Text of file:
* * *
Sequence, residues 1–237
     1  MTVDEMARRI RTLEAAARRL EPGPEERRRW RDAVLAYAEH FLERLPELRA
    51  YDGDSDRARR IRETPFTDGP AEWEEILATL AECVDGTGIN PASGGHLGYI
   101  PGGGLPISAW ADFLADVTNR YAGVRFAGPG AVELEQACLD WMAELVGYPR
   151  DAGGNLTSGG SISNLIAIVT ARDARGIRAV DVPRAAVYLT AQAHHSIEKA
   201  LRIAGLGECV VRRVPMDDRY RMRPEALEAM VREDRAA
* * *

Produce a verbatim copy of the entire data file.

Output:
Sequence, residues 1–237
     1  MTVDEMARRI RTLEAAARRL EPGPEERRRW RDAVLAYAEH FLERLPELRA
    51  YDGDSDRARR IRETPFTDGP AEWEEILATL AECVDGTGIN PASGGHLGYI
   101  PGGGLPISAW ADFLADVTNR YAGVRFAGPG AVELEQACLD WMAELVGYPR
   151  DAGGNLTSGG SISNLIAIVT ARDARGIRAV DVPRAAVYLT AQAHHSIEKA
   201  LRIAGLGECV VRRVPMDDRY RMRPEALEAM VREDRAA